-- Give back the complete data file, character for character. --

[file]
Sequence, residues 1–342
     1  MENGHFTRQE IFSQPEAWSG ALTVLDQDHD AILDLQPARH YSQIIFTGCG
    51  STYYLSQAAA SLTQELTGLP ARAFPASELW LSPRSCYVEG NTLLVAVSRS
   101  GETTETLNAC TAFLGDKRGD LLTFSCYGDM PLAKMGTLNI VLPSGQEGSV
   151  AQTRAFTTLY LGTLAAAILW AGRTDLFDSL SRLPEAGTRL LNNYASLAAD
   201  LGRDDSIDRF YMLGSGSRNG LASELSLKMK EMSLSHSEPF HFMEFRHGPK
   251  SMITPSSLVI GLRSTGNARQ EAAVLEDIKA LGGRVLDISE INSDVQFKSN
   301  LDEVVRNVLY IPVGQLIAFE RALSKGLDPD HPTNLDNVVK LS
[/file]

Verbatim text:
Sequence, residues 1–342
     1  MENGHFTRQE IFSQPEAWSG ALTVLDQDHD AILDLQPARH YSQIIFTGCG
    51  STYYLSQAAA SLTQELTGLP ARAFPASELW LSPRSCYVEG NTLLVAVSRS
   101  GETTETLNAC TAFLGDKRGD LLTFSCYGDM PLAKMGTLNI VLPSGQEGSV
   151  AQTRAFTTLY LGTLAAAILW AGRTDLFDSL SRLPEAGTRL LNNYASLAAD
   201  LGRDDSIDRF YMLGSGSRNG LASELSLKMK EMSLSHSEPF HFMEFRHGPK
   251  SMITPSSLVI GLRSTGNARQ EAAVLEDIKA LGGRVLDISE INSDVQFKSN
   301  LDEVVRNVLY IPVGQLIAFE RALSKGLDPD HPTNLDNVVK LS